I also think Apple are at risk of these events becoming vanity projects. They are getting very bloated and long too. I know it’s a show, but what we are there for is to see the products. That’s the meat in the sandwich.

Apple’s Wonderlust event took another odd turn this year with the Mother Nature skit…I guess it’s one of those parts that you’ll have either loved or hated – there will be few sitting on the middle ground here. For me, my vote went to the latter – it just seemed like a very oddly misplaced car crash.

If Apple is going to stay with the pre-recorded formula, then let’s make them sharper and more on point – that is one benefit that recorded events do have in their favour – or at least should do.

Made By Google

So, as I mentioned this was the first time I’d sat down for a Google launch event so I had no idea of what to expect – but I was surprised.

It felt more intimate somehow – to call it more village hall would be unfair, but it felt real. The audience seemed up close to the action and part of the show. I have no idea how big the theatre was, but it looked more scaled down than Apple’s events.

One of the things I did like though was the punchy approach that Google took compared to the bordering-on self-obsessed style that Apple is leaning towards. It was a tight hour which was just about right. There was precious little waffle…and certainly no Mother Nature moments!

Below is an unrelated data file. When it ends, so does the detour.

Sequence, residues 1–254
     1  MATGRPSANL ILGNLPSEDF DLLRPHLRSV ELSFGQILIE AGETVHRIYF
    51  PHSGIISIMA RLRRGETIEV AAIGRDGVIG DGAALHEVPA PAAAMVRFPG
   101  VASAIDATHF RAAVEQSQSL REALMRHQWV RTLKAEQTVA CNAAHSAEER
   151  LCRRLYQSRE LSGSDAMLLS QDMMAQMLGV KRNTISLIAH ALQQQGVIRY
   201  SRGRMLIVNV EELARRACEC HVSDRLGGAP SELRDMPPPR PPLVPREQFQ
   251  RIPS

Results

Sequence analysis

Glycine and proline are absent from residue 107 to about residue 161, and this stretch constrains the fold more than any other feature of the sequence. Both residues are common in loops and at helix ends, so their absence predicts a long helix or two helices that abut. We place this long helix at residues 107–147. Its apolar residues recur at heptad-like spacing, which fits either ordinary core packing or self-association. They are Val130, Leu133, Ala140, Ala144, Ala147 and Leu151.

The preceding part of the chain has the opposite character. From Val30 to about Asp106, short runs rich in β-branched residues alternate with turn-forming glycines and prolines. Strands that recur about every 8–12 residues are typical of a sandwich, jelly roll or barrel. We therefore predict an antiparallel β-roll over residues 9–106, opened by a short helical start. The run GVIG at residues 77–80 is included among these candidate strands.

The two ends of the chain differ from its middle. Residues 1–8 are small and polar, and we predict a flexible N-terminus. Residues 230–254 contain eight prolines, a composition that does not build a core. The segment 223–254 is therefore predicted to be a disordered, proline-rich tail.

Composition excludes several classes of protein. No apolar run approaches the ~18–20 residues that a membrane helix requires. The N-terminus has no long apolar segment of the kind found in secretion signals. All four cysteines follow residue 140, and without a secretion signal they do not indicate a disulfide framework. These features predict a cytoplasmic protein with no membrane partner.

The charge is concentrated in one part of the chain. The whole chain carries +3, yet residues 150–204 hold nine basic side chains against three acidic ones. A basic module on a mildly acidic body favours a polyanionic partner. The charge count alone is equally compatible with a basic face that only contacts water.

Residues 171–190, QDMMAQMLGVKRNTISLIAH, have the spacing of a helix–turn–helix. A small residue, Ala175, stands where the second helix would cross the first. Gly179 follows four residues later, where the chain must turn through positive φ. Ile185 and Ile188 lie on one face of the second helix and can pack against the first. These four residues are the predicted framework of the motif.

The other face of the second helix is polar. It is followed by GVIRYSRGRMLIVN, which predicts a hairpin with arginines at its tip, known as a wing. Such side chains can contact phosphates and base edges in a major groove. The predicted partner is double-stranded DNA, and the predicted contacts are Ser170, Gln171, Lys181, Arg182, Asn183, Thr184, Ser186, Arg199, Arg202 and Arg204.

In that 60 minutes, they managed to cover the new watch, earbuds and the Pixel 8 phones – there was plenty to talk about but they simply kept a focus on the salient points.

All in all, I liked Google’s approach.

iPhone 15 Pro Max – should it be worried

I think this year’s iPhone is about as good as it gets – but to keep my stories sharp and relevant, I did buy the Pixel 8 Pro yesterday to compare.

I don’t know if my iPhone 15 Pro Max should be worried or not – but I want to find out. Google promised a lot yesterday and there are some obvious comparisons and differences to be made between the two phones.

Both have 6.7-inch, 120Hz displays but…Google’s Super Acura display has a max brightness of 2400 nits! Now I can tell you the 1600 nits max peak brightness on my 15 Pro Max is bloody bright already – heavens knows what a 2400 nits will look like…

Although the battery is physically larger on the Pixel 8 Pro than the 15 Pro Max, it will be interesting to see how the two processors perform and how that relates to battery life.

The heat is on

I know heat is quite a topical point right now given all the headlines about iPhone 15 over the past week, but the Pixel 7 Pro got unbelievably hot when I set it up this summer. I wasn’t used to Google or Android, so had no idea if this was normal or not.

Turns out it was all to do with the Tensor chip which is known to run super hot. This year’s phone has a new chip as expected – the G3 SoC. And stealing a leaf from Apple’s playbook, Google will support this phone 7 years of security updates…